DARING HIGHWAY ROBBERY AT EPSOM BY MASKED MEN.
THE VICTIM WAS WARNED BY AN ANONYMOUS LETTER
Late on Monday week, as Mr William George Ayres, a builder, of Epsom, was going to the house of Mr. Macdonald, of the Mill Nursery, a house in a lonely road on the outskirts of the town, he was set upon by four masked men, two of whom struck him over the head with heavy clubs, knocking him senseless. He was wheeling his bicycle at the time, as he had no oil for his lamp. His assailants flung the machine over the hedge into a field, and afterwards rifled Ayres' pockets of everything they contained, getting away with over £45 in cash and his watch among other things. Mr Ayres' head was very much cut and bruised and his clothes torn. It was more than an hour after the assault that he was found lying stiff and senseless in the roadway. Mr Wallis Macdonald stumbled over something as he was leaving his house, and was alarmed to find that it was the body of Mr Ayres, who was apparently dead. With difficulty he dragged Mr Ayres into the house, and, seeing how serious his injuries were, Dr Daniels was sent for. For some time it was feared that the unfortunate man would die. Eventually, however, he became partially conscious, but he was unable to speak until the next day, when he told the story of the assault. He said he was aware of no one's presence in the road until he received several crashing blows on the head. He turned round to defend himself and saw two masked men, and behind them two more, but before he could say a word they all attacked him at once, and he fell , unconscious. Mr Ayres stated that he had not the slightest idea who the men were. They appeared rough-looking, and were dressed in labourer's clothes. Their faces were well disguised.
A reported had an interview with Mr Macdonald, with whom Mr Ayres lived, on Tuesday, and was furnished with further particulars of the outrage. It appears that Mr Ayres has been engaged for the last week or so in some building operations on a plot of land on the outskirts of Epsom, and that, after he finished his work in the evening, he either rode to Mill Nursery or walked home. A considerable number of men were engaged in the building work referred to, and it is stated that of late there have been several "rows" among them, and they have exhibited no small amount of feeling with regard to certain police court cases that are pending. For some reason or other not known Mr Ayres has been somewhat unpopular with them.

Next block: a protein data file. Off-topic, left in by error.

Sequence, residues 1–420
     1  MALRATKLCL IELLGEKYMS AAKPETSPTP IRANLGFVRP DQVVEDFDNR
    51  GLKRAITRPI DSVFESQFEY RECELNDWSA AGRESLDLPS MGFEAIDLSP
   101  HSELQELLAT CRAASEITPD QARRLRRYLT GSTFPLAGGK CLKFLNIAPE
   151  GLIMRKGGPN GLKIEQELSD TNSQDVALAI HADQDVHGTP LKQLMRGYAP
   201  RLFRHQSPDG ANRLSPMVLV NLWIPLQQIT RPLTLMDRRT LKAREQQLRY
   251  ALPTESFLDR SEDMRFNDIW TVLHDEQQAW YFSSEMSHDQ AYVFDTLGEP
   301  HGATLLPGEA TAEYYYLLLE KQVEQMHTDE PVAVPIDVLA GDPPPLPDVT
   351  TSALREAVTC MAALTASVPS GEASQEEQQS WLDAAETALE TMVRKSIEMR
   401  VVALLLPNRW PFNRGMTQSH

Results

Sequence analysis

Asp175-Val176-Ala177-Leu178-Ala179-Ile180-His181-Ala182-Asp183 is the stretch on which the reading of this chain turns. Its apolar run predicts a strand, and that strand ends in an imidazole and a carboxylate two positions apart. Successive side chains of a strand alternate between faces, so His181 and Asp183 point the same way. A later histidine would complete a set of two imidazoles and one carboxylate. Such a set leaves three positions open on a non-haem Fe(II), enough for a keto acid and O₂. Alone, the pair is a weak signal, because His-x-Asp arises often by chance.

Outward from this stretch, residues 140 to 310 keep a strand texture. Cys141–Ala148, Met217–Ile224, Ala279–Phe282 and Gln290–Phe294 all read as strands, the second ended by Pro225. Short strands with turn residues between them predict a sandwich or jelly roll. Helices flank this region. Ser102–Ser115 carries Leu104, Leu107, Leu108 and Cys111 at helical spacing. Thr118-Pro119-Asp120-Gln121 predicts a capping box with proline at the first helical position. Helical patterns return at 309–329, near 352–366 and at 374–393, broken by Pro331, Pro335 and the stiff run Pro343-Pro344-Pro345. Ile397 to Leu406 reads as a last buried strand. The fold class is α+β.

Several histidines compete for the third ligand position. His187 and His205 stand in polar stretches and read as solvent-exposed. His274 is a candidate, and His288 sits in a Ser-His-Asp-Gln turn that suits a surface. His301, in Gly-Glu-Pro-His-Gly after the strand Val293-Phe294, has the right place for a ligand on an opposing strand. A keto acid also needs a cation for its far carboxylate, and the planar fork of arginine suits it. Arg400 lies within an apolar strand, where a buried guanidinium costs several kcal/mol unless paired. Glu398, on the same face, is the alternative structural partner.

On the morning of the outrage Mr Ayres was at work, as usual, in one of the partly completed houses on the new building ground, when a slip of paper was pushed in under the door. At first he took no notice of it, and it was not until he was on the way out that he picked it up, out of curiosity. It was a square sheet of rather dirty paper, and on it were printed, in roughly-formed letters, the following words:- "William Ayres - There is a trap set for you; mind you do not fall into it."
No signature of any kind was attached to this curious communication, and Mr Ayres crumpled it up and put it in his pocket, looking at it in the light of a joke. He did not even mention it until Tuesday, when he gave an account of the assault to the police. As soon as the unfortunate man was discovered the police were communicated with, and all night they were scouring the neighbourhood in search of Mr Ayres' assailants. They found signs of a struggle in the road, and traced some footmarks to the roadside. Over the hedge they found the bicycle, in a battered condition, and further on footmarks corresponding with those on the road were discovered leading across a ploughed field. As the end of the field, however, they disappeared, and there was no clue as to which direction the men had taken. The Scotland Yard authorities were at once communicated with, and throughout the day detectives were at work in the neighbourhood, no discovery has been made.
On Tuesday a reporter was informed that though Mr Ayres had somewhat improved he still lay in a very precarious condition. None of his friends were allowed to see him, the doctor stating that nothing but absolute quiet could save him.
The Illustrated Police News, 16 January 1897